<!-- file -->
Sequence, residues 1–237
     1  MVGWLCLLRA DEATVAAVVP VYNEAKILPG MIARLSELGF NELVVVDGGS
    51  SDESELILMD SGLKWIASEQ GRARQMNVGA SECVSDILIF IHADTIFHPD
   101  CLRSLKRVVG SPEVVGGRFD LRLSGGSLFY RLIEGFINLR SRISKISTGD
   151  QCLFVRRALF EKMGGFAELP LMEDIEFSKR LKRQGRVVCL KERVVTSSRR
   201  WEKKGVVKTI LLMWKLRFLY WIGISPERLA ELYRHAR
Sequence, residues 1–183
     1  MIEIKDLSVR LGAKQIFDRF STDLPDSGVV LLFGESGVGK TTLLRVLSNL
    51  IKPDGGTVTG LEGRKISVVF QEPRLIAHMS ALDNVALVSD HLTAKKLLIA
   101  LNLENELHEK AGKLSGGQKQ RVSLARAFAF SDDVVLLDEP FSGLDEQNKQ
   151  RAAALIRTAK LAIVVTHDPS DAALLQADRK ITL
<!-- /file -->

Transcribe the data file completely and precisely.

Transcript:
Sequence, residues 1–237
     1  MVGWLCLLRA DEATVAAVVP VYNEAKILPG MIARLSELGF NELVVVDGGS
    51  SDESELILMD SGLKWIASEQ GRARQMNVGA SECVSDILIF IHADTIFHPD
   101  CLRSLKRVVG SPEVVGGRFD LRLSGGSLFY RLIEGFINLR SRISKISTGD
   151  QCLFVRRALF EKMGGFAELP LMEDIEFSKR LKRQGRVVCL KERVVTSSRR
   201  WEKKGVVKTI LLMWKLRFLY WIGISPERLA ELYRHAR
Sequence, residues 1–183
     1  MIEIKDLSVR LGAKQIFDRF STDLPDSGVV LLFGESGVGK TTLLRVLSNL
    51  IKPDGGTVTG LEGRKISVVF QEPRLIAHMS ALDNVALVSD HLTAKKLLIA
   101  LNLENELHEK AGKLSGGQKQ RVSLARAFAF SDDVVLLDEP FSGLDEQNKQ
   151  RAAALIRTAK LAIVVTHDPS DAALLQADRK ITL